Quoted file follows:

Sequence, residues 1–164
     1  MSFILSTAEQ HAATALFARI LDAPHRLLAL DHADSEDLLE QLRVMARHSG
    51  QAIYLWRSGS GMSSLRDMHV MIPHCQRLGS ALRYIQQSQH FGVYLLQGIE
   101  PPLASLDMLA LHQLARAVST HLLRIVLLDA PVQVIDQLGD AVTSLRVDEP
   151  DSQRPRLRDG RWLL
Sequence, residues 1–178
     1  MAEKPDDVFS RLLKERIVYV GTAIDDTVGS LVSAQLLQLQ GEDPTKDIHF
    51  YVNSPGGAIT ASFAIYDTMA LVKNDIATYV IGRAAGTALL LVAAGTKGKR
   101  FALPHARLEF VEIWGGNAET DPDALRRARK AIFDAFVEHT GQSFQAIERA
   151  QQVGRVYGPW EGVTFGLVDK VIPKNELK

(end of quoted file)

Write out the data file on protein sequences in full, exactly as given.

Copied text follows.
Sequence, residues 1–164
     1  MSFILSTAEQ HAATALFARI LDAPHRLLAL DHADSEDLLE QLRVMARHSG
    51  QAIYLWRSGS GMSSLRDMHV MIPHCQRLGS ALRYIQQSQH FGVYLLQGIE
   101  PPLASLDMLA LHQLARAVST HLLRIVLLDA PVQVIDQLGD AVTSLRVDEP
   151  DSQRPRLRDG RWLL
Sequence, residues 1–178
     1  MAEKPDDVFS RLLKERIVYV GTAIDDTVGS LVSAQLLQLQ GEDPTKDIHF
    51  YVNSPGGAIT ASFAIYDTMA LVKNDIATYV IGRAAGTALL LVAAGTKGKR
   101  FALPHARLEF VEIWGGNAET DPDALRRARK AIFDAFVEHT GQSFQAIERA
   151  QQVGRVYGPW EGVTFGLVDK VIPKNELK